The United States government announced in April it would commit nearly $415 million to aid the peshmerga forces, for various purposes including weapons, training and monthly stipends for fighters.
A military spokesman for coalition operations in Iraq and Syria, Col. John Dorrian told Yahoo News: “We [the U.S.] do provide a lot of funding for the peshmerga and continue to do so because they are a critical element, but ultimately the framework that we have says that the government of Iraq is in charge.”
The entire coalition is made up of 60 countries, and the aim that unites everyone, Dorrian said, is to defeat ISIS. “One unifying factor, all of these groups, everyone has an interest in the eradication of ISIS,” he said. “They have to be militarily defeated here, as a foundational step, and then continued work must be done to drain the swamp on their sick ideology.”
Coalition forces have been closing in on Mosul since the Iraqi army took control of a key town, Qayyara, in recent days. ISIS fighters set fire to the oil wells when they fled. But the Iraqi army officials are confident their operations are putting them in a good position to defeat the armed group.
As for the peshmerga, they will play a supporting role to the Iraqi army in taking back Mosul.
Jabar Yawar, the chief of staff and spokesperson for the Peshmerga Ministry, said in a statement to Yahoo News, “We decided to participate in the liberation of Mosul, but what our role [will be], we do not know. We have not had any formal meeting with the Iraqi leadership and the coalition leadership about what role to put our forces.”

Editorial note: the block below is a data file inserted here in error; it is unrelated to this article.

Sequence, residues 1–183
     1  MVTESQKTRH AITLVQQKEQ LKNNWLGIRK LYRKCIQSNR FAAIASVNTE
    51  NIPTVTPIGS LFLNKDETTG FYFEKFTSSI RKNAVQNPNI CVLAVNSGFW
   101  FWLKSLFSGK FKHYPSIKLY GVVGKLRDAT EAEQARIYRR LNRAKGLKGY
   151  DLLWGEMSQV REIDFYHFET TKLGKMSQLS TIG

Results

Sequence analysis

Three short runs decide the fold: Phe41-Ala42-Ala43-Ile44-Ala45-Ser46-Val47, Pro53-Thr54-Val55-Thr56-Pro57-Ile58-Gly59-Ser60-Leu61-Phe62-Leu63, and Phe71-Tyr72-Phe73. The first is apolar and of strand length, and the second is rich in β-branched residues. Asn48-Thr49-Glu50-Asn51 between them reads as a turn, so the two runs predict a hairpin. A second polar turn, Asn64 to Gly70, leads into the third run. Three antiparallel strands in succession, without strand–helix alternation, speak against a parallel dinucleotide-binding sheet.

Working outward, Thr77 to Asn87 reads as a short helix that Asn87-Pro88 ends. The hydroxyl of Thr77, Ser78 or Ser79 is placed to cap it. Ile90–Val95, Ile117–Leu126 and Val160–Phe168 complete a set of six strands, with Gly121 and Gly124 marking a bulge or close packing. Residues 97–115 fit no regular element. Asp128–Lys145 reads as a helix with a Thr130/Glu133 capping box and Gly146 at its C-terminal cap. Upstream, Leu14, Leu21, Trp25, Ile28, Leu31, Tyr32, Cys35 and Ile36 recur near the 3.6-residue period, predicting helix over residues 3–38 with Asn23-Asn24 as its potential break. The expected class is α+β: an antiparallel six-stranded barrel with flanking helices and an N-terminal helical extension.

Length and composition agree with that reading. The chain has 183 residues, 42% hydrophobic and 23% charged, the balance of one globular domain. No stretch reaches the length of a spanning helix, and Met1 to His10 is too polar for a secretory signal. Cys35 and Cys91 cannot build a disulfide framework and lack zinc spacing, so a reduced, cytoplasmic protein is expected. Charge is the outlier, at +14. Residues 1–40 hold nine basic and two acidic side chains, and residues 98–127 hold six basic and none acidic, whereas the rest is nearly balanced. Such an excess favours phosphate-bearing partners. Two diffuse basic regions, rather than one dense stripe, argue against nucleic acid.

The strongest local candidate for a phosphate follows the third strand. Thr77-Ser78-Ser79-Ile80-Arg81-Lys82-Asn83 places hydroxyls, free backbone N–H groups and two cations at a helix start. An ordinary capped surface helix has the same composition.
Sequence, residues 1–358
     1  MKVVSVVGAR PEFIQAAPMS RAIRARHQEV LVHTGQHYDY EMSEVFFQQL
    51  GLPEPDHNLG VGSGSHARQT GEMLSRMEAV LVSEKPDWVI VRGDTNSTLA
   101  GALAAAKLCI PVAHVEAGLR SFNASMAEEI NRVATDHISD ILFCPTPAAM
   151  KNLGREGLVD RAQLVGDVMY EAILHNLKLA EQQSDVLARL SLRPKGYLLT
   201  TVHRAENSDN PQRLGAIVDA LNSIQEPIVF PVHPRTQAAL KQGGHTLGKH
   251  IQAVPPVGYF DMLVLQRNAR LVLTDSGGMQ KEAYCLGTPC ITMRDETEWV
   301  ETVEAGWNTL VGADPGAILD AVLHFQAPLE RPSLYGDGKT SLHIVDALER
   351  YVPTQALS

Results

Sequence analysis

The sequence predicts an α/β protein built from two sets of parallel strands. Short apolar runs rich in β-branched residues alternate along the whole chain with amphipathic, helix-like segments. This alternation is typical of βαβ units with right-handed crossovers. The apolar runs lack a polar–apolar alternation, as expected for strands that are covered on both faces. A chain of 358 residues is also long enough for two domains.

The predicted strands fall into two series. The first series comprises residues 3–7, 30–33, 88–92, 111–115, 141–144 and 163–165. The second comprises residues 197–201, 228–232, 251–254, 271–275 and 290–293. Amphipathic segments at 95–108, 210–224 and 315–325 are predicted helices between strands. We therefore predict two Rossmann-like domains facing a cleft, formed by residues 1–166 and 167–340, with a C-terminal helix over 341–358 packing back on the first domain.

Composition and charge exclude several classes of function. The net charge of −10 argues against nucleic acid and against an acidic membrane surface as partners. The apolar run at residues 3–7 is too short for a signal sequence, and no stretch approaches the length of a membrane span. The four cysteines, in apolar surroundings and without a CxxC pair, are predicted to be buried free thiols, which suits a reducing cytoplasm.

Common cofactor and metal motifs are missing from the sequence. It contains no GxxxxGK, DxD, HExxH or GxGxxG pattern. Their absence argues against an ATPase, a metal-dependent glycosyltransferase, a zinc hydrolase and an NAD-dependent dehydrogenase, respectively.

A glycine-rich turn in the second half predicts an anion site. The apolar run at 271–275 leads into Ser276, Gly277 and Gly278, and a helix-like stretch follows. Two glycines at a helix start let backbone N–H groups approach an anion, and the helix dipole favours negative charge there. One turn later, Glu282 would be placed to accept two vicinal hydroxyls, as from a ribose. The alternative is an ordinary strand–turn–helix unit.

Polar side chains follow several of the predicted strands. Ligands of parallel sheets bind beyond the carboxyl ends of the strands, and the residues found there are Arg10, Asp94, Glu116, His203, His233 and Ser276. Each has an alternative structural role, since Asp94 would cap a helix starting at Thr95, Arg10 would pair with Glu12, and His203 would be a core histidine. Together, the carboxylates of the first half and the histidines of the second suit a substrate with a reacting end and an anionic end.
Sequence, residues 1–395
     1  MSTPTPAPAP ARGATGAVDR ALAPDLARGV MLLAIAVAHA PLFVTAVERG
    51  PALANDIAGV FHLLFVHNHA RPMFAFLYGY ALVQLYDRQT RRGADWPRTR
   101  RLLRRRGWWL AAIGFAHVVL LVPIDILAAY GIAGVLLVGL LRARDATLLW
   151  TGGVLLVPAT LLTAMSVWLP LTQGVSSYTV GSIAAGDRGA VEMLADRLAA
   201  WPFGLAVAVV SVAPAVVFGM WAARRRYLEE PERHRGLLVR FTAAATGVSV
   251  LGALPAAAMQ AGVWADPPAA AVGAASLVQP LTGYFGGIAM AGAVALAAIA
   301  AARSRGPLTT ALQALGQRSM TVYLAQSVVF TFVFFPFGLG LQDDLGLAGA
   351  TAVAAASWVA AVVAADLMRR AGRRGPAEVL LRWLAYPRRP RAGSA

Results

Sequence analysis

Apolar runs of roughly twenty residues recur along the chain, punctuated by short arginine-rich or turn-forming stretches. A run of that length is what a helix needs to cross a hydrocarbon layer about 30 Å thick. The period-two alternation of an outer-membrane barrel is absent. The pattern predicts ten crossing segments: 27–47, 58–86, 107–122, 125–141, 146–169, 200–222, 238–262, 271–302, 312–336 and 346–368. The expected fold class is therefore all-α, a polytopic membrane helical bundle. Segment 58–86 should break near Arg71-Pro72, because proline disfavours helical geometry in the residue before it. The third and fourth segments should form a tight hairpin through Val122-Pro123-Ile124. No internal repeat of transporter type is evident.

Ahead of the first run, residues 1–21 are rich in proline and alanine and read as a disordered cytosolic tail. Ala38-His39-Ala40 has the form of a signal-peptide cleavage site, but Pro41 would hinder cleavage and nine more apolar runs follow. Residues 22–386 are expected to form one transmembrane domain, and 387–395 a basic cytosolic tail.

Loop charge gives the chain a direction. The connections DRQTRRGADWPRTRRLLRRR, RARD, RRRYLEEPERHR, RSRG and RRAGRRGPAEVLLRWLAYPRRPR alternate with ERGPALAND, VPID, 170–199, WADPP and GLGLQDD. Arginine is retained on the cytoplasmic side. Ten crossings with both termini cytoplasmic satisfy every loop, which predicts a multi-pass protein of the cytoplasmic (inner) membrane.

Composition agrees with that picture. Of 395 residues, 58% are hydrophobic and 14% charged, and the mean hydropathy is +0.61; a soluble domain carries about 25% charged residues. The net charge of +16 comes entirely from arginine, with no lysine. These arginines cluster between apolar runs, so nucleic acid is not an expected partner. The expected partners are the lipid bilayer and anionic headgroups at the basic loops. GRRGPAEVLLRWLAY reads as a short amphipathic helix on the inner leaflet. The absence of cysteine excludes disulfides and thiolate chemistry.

Yawar went on to explain they hope to work with the Iraqi government on a plan for an administrative role in the government after the city has been liberated.
The U.S. military says it is partnering with the coalition forces, and while it will provide airstrikes, its role on the ground will continue to be in an “advise and assist” capacity. The U.S. has officials who will work with the Iraqi army forces on battle logistics and tactical strategy.
Kurdish peshmerga gather at shooting range for training.
With the fight intensifying, humanitarian concerns have risen. A camp in the northern province of Nineveh reported that more than 4,000 internally displaced people (IDP) arrived in the past two weeks.
Aid groups are scrambling to get food and assistance to those who are able to escape from Mosul, but they are also trying to anticipate a mass movement of Iraqi citizens in the coming weeks while forces push closer.
Yawar stated the peshmerga are working with humanitarian organizations to set up camps near the cities of Dohuk and Makmour.
But according to Iraqi media reports, the Kurdish minister for migration and displacement has said Mosul IDPs will be pushed to resettle in Iraqi-army-controlled areas of the country.
A major concern for the aftermath is how to ensure that ISIS fighters don’t escape Mosul and establish a new foothold in northern Iraq.
For the men still training, they know the time is coming when they will have to risk their lives for their homeland. But they are confident and believe they have the military strength and training to help defeat one of the worst threats they have ever faced.